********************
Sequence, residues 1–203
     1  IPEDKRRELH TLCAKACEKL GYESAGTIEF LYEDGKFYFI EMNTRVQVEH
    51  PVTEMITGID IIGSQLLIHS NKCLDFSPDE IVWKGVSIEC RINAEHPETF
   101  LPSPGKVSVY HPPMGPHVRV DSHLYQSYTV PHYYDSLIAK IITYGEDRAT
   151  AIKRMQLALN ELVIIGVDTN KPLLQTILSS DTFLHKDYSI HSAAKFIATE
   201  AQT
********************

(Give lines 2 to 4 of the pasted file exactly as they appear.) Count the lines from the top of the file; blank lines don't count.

     1  IPEDKRRELH TLCAKACEKL GYESAGTIEF LYEDGKFYFI EMNTRVQVEH
    51  PVTEMITGID IIGSQLLIHS NKCLDFSPDE IVWKGVSIEC RINAEHPETF
   101  LPSPGKVSVY HPPMGPHVRV DSHLYQSYTV PHYYDSLIAK IITYGEDRAT